And  now, 9/11 is on the verge of fulfilling both sides. Roughly 3000 people died when the towers fell. I don’t mean to demean these deaths. Those people did not deserve to die. Their crime: being born in a country that terrorists didn’t like. If I believed in hallowed ground, that site would be sacred not to some god, but to the individuals of all faiths who died because of a war that wasn’t even theirs. It is now, though.

In the aftermath, especially recently, there’s been an upswing in irrational Islamophobia. This is a serious disconnect. A whole religion did not fly those planes. And yet… we are afraid. Of Muslims, of ‘other’, of everything. Airport security gets more complicated. We become less trustful. If terrorist’s aim is to actually spread terror, as their name implies, they are succeeding.

America has always prided herself on her freedoms. This is why we consider ourselves different from some other nations, that guarantee far less. Now attacks have caused us to turn our backs on what we defend. Demonizing all members of a religion for the actions of a few is eerily parallel – though thankfully not as bad, yet – as killing innocents because you disagree with their government. And that’s why 9/11 may be the greatest tragedy after all.


Hypocrisy… It’s Just So Easy August 27, 2010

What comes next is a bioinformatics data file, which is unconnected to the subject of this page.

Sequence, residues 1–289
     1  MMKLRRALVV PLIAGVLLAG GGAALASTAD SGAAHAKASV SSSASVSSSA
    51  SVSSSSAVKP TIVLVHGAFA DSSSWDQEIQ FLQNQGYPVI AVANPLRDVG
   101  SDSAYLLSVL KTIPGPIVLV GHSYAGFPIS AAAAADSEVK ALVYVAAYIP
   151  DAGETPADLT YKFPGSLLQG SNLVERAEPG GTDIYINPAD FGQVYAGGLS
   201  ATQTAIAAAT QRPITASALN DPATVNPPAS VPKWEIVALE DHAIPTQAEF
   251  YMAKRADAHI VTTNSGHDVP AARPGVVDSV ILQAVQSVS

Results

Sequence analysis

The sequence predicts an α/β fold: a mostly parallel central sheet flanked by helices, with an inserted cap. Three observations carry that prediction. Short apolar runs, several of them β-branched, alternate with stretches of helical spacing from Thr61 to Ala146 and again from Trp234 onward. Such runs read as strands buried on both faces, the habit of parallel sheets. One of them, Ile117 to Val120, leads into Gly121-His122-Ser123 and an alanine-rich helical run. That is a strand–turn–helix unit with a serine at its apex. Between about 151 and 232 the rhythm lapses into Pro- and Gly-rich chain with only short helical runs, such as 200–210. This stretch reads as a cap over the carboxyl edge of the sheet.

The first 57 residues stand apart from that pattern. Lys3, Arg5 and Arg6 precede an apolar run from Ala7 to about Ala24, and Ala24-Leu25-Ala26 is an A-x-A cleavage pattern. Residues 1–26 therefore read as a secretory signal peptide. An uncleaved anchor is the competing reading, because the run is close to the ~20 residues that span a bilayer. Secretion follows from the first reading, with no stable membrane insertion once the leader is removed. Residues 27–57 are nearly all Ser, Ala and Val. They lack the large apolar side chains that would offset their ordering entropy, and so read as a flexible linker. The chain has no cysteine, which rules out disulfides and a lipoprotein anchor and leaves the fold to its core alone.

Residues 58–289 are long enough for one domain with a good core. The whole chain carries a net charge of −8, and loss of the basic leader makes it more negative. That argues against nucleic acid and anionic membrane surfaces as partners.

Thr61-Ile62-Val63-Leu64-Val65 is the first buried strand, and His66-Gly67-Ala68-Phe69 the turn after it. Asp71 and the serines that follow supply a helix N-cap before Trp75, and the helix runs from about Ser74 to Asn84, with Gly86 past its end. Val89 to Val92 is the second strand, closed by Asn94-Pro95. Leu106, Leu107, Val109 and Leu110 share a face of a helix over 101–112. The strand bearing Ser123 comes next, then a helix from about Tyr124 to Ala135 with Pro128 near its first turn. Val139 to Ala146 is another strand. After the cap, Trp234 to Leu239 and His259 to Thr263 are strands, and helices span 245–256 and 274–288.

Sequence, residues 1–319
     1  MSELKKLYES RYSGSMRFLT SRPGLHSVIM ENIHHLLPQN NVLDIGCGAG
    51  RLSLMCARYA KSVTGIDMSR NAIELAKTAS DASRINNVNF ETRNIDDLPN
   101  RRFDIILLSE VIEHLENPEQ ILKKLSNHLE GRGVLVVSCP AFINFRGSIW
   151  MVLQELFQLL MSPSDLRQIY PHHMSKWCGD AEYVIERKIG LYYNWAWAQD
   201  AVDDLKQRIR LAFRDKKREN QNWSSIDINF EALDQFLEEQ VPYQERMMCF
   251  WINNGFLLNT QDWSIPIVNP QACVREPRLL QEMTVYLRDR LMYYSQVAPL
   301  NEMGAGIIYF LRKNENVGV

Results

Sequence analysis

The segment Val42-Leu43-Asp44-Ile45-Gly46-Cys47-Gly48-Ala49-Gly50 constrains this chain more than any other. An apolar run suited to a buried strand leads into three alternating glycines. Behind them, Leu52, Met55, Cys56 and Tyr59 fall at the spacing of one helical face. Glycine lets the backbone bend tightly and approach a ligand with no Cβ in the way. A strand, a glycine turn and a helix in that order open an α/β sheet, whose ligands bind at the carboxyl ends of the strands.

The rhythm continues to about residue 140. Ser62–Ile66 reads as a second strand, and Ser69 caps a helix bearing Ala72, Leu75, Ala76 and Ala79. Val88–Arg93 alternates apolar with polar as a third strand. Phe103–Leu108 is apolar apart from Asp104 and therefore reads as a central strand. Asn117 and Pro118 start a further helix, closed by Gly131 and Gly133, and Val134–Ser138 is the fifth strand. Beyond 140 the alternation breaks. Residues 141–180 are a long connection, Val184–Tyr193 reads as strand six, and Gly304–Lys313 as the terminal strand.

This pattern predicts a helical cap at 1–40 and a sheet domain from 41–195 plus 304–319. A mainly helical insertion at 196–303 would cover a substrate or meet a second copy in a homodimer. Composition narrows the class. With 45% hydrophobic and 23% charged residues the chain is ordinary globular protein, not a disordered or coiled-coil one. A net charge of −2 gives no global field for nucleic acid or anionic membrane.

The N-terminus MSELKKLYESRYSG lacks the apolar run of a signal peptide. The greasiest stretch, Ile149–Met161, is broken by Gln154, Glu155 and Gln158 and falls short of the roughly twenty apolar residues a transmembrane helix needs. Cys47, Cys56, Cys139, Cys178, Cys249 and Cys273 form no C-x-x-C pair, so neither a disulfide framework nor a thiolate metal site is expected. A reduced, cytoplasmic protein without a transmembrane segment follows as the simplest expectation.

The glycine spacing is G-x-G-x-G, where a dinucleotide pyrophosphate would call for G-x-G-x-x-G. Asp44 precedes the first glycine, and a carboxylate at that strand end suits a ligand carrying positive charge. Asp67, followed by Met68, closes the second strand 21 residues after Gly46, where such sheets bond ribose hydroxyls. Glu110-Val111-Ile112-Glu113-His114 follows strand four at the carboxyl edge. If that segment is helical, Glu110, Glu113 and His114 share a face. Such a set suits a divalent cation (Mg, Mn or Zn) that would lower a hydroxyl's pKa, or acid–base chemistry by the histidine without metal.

Filed under: In the News,Politics,Religion — katblogger @ 12:26 AM
Tags: ,

I am a hypocrite. My friends are hypocrites. You are probably a hypocrite, even if you deny it. Because, honestly, we all are. And we need to fight that urge to decide that we’re entitled to change our minds when the situation is the same, just because it makes us feel better.

Case in point – the ‘Ground Zero’ ‘mosque’. Note the liberal use of quotes because, as you know, it’s not actually a mosque, and it’s not actually at Ground Zero. But moving on.

I support the right to build a community center – or even a mosque – anywhere someone darn well wants to. And yet… I realized while searching inside myself that I honestly wouldn’t like it if there was a church being built by a blown up abortion center. That would bother me. Okay, I probably wouldn’t show up with a sign or something, but I’d comment. I’d dislike it. Basically, I’d react the same way some people are reacting now – minus the signs and racial slurs, of course.